Ethnic differences in response to beta-blockade: Fact or artefact? A study with bisoprolol and propranolol
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A randomized, double-blind, placebo-controlled study was performed in 8 white and 8 black volunteers matched for sex, age and mass. The effect of 3 intravenous doses of a new, cardiose-lective beta-adrenergic blocker, bisoprolol, on the heart rate increase after standardized exercise was compared to that of 3 doses of propranolol.
As described previously for propranolol, black volunteers showed less response than whites to beta-blockade assessed in terms of the reduction in exercise-induced tachycardia. The effects of the two beta-blockers were similar and the apparent ethnic difference was seen with both drugs.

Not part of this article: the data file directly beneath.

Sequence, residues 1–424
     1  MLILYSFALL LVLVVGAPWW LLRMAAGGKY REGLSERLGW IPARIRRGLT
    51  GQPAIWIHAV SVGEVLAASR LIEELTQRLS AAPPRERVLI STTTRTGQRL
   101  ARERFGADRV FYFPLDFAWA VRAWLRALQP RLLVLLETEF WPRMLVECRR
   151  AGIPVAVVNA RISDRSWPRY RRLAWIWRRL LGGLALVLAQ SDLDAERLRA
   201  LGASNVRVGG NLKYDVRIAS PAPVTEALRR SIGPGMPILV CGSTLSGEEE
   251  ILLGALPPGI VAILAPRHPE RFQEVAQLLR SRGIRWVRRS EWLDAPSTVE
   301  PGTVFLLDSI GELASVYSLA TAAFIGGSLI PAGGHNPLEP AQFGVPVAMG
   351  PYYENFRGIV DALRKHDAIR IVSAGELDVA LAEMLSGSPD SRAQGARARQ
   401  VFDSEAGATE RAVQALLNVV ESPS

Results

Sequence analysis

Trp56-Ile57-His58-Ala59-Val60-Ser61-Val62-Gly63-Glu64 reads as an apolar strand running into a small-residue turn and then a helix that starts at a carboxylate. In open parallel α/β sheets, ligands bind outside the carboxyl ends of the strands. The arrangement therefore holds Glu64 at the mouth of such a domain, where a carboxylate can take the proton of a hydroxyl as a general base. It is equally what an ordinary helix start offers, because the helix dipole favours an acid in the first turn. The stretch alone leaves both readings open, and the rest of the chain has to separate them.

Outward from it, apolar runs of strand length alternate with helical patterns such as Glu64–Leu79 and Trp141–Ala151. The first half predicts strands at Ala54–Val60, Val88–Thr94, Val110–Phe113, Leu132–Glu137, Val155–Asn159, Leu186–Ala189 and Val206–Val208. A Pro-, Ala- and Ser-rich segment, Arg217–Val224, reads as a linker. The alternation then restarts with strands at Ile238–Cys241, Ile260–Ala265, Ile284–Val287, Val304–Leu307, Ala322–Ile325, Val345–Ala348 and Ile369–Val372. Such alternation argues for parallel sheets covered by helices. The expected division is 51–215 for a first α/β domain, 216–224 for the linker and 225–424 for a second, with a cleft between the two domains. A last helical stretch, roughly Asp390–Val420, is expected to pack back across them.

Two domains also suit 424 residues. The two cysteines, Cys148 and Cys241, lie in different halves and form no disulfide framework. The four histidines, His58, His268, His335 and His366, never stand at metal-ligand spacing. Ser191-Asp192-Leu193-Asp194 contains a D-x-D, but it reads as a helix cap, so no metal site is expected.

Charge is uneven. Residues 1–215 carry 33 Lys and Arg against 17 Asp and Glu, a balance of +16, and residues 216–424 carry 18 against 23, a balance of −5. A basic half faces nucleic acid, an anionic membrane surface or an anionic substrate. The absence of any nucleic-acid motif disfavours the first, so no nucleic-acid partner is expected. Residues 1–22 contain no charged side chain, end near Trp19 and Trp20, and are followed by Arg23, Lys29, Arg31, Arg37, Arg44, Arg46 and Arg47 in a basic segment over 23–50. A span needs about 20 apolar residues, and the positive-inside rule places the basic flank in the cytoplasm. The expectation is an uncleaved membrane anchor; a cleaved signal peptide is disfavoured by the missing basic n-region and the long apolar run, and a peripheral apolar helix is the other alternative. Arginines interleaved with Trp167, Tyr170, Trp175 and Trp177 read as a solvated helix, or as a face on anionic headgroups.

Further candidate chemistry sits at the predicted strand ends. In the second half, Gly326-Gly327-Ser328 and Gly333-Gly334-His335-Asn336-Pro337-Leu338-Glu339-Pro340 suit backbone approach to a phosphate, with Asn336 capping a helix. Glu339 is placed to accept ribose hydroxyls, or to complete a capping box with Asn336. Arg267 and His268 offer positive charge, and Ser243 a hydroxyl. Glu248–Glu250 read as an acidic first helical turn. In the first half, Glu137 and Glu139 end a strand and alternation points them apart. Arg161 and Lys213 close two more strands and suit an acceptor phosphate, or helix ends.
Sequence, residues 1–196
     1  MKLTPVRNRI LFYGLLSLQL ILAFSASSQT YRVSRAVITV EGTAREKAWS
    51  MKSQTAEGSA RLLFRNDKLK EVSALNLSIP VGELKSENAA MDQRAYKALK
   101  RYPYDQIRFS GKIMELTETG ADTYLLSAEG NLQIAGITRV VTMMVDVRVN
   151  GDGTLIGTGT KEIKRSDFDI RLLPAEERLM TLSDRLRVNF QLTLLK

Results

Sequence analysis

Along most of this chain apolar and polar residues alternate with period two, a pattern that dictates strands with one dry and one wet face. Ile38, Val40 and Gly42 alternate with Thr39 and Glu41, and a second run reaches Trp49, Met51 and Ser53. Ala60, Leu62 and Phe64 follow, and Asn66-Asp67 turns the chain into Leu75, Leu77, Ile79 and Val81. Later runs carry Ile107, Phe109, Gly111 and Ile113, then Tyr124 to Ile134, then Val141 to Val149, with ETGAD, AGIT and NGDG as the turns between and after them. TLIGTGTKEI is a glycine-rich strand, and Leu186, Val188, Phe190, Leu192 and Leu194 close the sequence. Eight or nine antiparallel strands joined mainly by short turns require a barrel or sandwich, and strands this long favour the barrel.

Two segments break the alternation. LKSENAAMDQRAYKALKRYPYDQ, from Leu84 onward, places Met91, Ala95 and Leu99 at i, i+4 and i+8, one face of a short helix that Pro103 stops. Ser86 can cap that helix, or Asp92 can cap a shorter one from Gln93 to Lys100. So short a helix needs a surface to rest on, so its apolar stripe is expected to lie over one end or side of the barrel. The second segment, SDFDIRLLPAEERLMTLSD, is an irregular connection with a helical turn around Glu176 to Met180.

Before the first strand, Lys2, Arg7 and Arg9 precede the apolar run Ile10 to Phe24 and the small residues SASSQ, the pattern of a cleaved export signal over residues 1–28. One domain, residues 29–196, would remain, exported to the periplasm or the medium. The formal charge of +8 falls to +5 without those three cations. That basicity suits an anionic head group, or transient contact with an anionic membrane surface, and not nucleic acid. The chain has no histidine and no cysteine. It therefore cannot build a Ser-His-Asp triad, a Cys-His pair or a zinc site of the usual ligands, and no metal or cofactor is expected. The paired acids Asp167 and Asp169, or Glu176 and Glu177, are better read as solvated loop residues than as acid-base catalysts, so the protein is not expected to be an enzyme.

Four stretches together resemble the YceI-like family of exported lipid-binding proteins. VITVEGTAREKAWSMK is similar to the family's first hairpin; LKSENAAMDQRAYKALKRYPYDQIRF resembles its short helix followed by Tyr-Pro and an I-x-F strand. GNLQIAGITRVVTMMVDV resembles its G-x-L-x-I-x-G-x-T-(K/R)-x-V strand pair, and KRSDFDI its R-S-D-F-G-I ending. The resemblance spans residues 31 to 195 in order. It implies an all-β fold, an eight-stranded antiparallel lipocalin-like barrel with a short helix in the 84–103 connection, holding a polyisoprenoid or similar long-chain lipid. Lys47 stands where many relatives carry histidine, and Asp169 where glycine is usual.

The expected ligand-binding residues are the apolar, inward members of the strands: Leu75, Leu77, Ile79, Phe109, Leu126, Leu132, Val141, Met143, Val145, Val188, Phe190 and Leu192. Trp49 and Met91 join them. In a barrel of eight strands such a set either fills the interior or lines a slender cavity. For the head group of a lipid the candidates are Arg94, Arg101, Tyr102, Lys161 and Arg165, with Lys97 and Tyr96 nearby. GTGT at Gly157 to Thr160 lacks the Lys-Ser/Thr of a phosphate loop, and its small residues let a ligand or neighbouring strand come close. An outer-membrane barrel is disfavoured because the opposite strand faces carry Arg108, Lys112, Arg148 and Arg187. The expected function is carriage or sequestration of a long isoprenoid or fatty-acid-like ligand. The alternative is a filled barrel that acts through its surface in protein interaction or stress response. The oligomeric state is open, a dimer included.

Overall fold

It has previously been shown that black volunteers have a higher intrinsic heart rate (i.e. heart rate after parasympathetic and beta-adrenergic blockade of the heart) than whites, but their resting heart rates are similar because of greater parasympathetic tone in blacks. When exercise-load was calculated as increase in heart rate above that after atropinization, no ethnic differences were seen.
It is suggested that in populations that are heterogenous in terms of the heart rate increase after atropine, work load should be standardized in terms of the increase in heart rate over the atropine heart rate rather than on absolute heart rate.
The apparent ethnic difference represents a flaw in methodology as applied to a heterogenous volunteer population.
Key wordsbisoprolol propranolol beta-adrenergic blockade atropine exercise testing ethnic differences healthy volunteers autonomic tone
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